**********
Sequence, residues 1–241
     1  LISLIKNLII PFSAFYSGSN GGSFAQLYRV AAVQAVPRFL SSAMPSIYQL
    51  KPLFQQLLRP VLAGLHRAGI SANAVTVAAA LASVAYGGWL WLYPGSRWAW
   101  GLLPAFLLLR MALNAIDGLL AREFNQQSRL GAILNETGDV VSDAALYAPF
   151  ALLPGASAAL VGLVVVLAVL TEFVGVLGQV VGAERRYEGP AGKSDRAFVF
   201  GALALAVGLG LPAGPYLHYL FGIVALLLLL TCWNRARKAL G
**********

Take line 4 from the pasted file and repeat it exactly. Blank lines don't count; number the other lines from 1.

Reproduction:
   101  GLLPAFLLLR MALNAIDGLL AREFNQQSRL GAILNETGDV VSDAALYAPF